J. Moses Ceaser is a popular man in Oakland these days. For months, the entrepreneur and documentary photographer led a spirited and very public effort to reopen the city’s revered Parkway Theater. Last week, he formally announced that he’d succeeded. Well, almost. As of press time, he had yet to sign a lease with the theater’s owners and landlords — but he promises that a deal is right around the corner, likely by the end of the year. Assuming it is, his business, currently dubbed The New Parkway, should be opening the theater’s doors on Park Boulevard by early summer. Yet as Parkway supporters who’ve followed the theater’s travails since its sudden closure last spring know all too well, that may be easier said than done.
A recent tour of the 1920s-era theater helped confirm why: From top to bottom, it’s in no shape to show movies. The building’s owners, Yan and Judy Cheng, have estimated that it may need as much as $500,000 in repairs, Ceaser said, and a string of suitors to reopen the Parkway have thus far been unable to overcome that financial obstacle. But it looks like things may be changing. Ceaser said the primary difference between his attempt and previous attempts is that the owners recently agreed to shoulder some of the costs. While the precise nature of those contributions remains to be finalized, business loans and redevelopment funds from the city could help. Both the Redevelopment Agency and Councilwoman Pat Kernighan, who was unavailable for comment, have played a part in the negotiations.
The day after Ceaser’s e-mail announcing the Parkway’s reopening went out last week, he, three members of his team, a contractor, and the Chengs conducted a thorough walk-through designed to assess the building’s repair needs. The kitchen boasts a commercial pizza oven but little else. The bathrooms aren’t ADA accessible and need serious attention. The projector room is cramped and missing critical equipment. Then there’s the faulty plumbing, outdated electrical system, and leaking roof, evidenced by a twenty-foot-and-growing hole in the paper-backed ceiling above the upstairs theater.
It’s daunting work, but that doesn’t faze Ceaser, perpetually optimistic as he is. In fact, even without a lease in hand, he’s envisioning upgrades of his own. During the tour, he walked about tapping on walls and trying to identify, which the help of the contractor, which were load-bearing and which were not. It’s helpful knowledge to have when you’re considering knocking out walls and reconfiguring spaces, as Ceaser would like to do with the entrance area. An adjacent space that used to be an H&R Block tax office is now part of the theater, and Ceaser intends to integrate it into the lobby.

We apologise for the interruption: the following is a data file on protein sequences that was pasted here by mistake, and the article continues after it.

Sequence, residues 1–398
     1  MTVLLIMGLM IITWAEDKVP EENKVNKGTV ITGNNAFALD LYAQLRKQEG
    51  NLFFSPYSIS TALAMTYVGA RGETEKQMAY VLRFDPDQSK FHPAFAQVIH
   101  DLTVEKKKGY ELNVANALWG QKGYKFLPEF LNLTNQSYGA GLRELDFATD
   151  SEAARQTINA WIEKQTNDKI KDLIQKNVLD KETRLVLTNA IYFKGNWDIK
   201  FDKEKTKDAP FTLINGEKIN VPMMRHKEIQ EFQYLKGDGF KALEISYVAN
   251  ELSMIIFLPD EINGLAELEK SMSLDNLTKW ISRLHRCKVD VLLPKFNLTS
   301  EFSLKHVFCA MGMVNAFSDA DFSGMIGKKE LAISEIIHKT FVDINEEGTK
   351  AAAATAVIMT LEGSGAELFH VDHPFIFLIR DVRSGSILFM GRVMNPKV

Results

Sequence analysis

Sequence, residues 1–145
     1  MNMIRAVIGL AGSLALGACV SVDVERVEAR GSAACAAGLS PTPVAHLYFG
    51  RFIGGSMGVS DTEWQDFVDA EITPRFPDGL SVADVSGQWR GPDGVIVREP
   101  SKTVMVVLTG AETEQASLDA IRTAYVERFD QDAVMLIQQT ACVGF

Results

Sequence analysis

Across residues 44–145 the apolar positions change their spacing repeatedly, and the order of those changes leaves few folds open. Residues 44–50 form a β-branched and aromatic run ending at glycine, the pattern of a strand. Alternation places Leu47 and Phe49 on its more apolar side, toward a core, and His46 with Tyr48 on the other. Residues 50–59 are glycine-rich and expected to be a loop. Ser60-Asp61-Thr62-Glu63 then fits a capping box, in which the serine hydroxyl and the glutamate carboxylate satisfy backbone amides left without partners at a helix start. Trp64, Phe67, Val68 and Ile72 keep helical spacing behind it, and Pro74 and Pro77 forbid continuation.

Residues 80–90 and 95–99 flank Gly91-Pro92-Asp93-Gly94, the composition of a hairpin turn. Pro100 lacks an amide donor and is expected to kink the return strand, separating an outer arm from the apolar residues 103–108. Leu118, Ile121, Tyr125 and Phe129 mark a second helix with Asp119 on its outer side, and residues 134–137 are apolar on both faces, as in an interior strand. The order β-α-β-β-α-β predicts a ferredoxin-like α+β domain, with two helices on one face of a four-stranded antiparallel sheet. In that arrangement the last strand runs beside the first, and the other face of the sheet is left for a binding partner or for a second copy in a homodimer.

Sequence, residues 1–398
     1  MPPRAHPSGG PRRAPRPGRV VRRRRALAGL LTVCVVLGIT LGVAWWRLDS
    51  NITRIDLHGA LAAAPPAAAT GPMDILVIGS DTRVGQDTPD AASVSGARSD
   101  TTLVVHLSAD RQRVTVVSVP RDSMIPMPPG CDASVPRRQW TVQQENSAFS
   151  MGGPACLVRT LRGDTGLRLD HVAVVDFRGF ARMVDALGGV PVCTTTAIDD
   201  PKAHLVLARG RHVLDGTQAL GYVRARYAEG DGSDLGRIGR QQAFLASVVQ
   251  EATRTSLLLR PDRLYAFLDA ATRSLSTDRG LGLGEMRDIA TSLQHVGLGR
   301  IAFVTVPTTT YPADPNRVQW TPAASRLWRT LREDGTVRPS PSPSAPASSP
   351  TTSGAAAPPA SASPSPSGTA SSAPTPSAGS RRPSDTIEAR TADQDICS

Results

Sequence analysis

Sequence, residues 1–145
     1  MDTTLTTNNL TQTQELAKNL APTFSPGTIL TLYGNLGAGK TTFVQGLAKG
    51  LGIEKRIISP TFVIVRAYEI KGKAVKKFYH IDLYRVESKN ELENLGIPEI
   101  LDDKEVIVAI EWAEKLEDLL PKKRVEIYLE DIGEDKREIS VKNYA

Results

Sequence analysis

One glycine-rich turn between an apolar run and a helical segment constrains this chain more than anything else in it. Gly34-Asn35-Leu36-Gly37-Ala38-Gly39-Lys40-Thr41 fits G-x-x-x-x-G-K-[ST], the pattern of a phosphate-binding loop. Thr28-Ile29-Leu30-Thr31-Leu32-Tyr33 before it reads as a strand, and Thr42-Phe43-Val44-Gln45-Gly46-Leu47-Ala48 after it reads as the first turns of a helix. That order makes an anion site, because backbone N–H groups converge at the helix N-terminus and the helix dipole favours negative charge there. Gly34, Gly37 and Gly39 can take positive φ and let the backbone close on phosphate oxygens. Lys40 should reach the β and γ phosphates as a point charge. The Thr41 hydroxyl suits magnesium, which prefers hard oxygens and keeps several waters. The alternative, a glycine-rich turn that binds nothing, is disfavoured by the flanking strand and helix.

But that takes money — and it’s money, on both sides, that will determine if the Parkway truly reopens next summer. Ceaser’s business plan, which relies heavily on the picture-pub-pizza model popularized by the theater’s previous operators and was hashed out over six months of research, identifies $400,000 in start-up costs. This includes lenses for the existing 35 mm projectors, digital projectors, a sound system, kitchen and bar equipment, restaurant supplies, furniture, carpeting, painting, facade improvements, kitchen and lobby work, and a host of other one-time costs. Ceaser is actively recruiting investors large and small, and recognizes that his success will largely depend upon hitting his target. Through a funding platform called Kickstarter, The New Parkway has raised approximately $200,000 to date.
Ceaser hopes the owners will assume responsibility for legal and structural issues, namely the restrooms, roof, electrical, plumbing, and fire safety. The exact cost of related repairs is unknown, but according to Larry Gallegos, redevelopment area manager for East Oakland, the city can provide matching grants of at least $75,000. That number could rise considerably, given the property’s multiple street addresses and importance to the surrounding neighborhood, which has been designated a master-plan streetscape development zone. A renovated Parkway Theater could work wonders for the area, Gallegos said, so he’s looking forward to seeing it succeed: “It has a spillover effect to all the other businesses. If they see the Parkway being improved, they’re going to want to improve their storefronts as well.”
The New Parkway also has the support of a nonprofit organization called I Like the Parkway, which formed following the theater’s closure and amassed nearly 5,000 Facebook followers in its first week. On the heels of Ceaser’s announcement last week, I Like the Parkway officially endorsed The New Parkway — the first time it’s done so for any potential new Parkway operator. Co-founder and spokesman Peter Prato said they did it primarily to help Ceaser succeed by publicizing his call for investors. “In the past, the ideas were good, but all the pieces didn’t seem to be there,” Prato said. “There was always something missing. … If there’s a group that can reopen this, it’s them.”
Last week’s walk-through bore out Prato’s confidence: The mood was light and friendly, and Ceaser and the Chengs appeared to share a good rapport. Mr. Cheng showed off some of his favorite features of the building, such as the Egyptian-motif lights framing the main screen, while Ceaser cracked jokes with all the cheerful ambition of a first-time homebuyer touring his new house. Mr. Cheng even gave out hugs at the end of the evening. “I want to open the theater soon,” he’d told me earlier in the day, and it seemed he meant it. “I’m really, really excited.”